We can also select packets sent to a specific node:

As you can see, these are DNS packets and, instead of TCP flags, it contains useful information, a request for the host’s IP address. You can also select response packets from a specific host:

$ sudo tcpdump -i eth0 src host

The full contents of the package are not here, if you want to get it, you should use the -v or -vv option, digital forensics experts recommend:

$ sudo tcpdump -vv -i eth0 host dst

With the ‘and’ operator, you can combine several filters into one:

$ sudo tcpdump -i eth0 dst host and src host

It is not necessary to specify the host, in many cases src or dst is enough, the utility will understand what it means by itself. Exactly the same design can be used for ports. For example, we can filter all requests or responses to DNS (on port 53), digital forensics experts point out:

$ sudo tcpdump -vv -i eth0 port 53

You can do exactly the same for http (port 80):

$ sudo tcpdump -vv -i eth0 port 80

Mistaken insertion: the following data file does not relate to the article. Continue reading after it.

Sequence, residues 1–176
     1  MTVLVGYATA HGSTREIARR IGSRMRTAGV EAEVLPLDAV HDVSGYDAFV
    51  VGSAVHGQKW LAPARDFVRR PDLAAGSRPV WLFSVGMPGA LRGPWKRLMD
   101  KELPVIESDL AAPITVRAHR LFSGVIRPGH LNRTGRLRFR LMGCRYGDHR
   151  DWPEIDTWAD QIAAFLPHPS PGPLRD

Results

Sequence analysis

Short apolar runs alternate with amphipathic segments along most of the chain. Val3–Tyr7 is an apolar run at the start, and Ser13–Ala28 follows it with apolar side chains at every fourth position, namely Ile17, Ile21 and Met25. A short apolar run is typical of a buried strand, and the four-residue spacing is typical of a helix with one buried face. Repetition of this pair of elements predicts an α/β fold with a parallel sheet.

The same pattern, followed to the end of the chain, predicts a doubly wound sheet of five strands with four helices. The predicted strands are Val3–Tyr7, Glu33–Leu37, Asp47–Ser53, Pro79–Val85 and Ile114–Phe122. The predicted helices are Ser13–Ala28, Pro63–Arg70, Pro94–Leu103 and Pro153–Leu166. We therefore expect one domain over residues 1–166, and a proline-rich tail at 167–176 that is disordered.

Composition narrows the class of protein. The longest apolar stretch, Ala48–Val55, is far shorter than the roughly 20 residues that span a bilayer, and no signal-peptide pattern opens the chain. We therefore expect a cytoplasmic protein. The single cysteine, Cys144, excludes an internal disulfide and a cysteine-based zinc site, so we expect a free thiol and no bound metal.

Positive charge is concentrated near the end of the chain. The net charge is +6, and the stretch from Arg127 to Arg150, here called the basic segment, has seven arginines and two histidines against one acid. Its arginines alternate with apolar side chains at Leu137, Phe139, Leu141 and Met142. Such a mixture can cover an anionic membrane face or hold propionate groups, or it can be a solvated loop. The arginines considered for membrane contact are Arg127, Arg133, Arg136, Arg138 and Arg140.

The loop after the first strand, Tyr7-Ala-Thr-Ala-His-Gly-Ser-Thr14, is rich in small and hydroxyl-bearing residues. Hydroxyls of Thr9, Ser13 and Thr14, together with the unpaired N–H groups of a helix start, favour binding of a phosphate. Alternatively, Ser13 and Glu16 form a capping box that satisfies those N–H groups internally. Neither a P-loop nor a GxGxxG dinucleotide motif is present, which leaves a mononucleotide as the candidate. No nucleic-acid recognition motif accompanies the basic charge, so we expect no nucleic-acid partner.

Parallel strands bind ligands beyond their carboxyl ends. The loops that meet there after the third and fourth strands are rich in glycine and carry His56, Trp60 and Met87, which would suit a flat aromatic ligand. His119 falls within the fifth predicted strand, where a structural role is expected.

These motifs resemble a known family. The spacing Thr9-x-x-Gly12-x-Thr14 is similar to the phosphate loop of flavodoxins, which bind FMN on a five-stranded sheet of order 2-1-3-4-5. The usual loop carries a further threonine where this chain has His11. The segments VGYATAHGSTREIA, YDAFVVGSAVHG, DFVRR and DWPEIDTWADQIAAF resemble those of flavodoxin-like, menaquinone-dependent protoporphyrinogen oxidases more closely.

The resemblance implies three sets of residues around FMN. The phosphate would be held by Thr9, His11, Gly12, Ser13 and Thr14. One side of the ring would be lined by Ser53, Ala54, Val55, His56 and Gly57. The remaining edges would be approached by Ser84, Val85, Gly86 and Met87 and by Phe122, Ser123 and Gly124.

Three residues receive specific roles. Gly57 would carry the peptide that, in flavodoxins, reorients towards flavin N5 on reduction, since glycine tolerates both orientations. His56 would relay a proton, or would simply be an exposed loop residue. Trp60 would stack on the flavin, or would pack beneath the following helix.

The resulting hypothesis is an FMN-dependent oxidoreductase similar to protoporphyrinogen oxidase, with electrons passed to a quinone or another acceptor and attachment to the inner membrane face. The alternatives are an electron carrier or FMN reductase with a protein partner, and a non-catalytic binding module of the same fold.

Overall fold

Naturally, you can also use dst and src here for more specific results. You can filter not one port, but a wide range of ports:

$ sudo tcpdump portrange 21-23

If you specify one of the protocols, it will filter only packets from that protocol, for example, tcp, udp, or arp:

$ sudo tcpdump -vv arp

You can also select all udp packages:

$ sudo tcpdump -vv udp

A filter by network designation is also available:

$ sudo tcpdump net

In addition, you can filter packets by their size, for example, less than 32 bytes:

$ sudo tcpdump less 32

Superior packets can also be filtered, digital forensics experts noted:

$ tcpdump greater 128

Sometimes it is necessary to save the captured traffic in a file, for this the -w option is used:

$ sudo tcpdump -i eth0 -w file.pcap

This file can be opened with any program to read such files, for example, Wireshark. To open packages saved in a file, use the -r option:

$ sudo tcpdump -r file.pcap

There is one more thing worth paying attention to. This is the format for displaying the contents of packages. You can display the contents of a package in ASCII format using the -A option:

$ sudo tcpdump -A -i eth0

You can also display content in HEX and ASCII format, use -XX for this:

$ sudo tcpdump -XX -i eth0


As you can see, this tool can prove to be really useful for various digital forensics tasks. Before using it in real environments, remember to test in a secure environment or have the permission of the administrator of the scanned system. Use combined with other tools can make TCDUMP one of the best hacking tools at your disposal.

To learn more about information security risks, malware variants, vulnerabilities and information technologies, feel free to access the International Institute of Cyber Security (IICS) websites.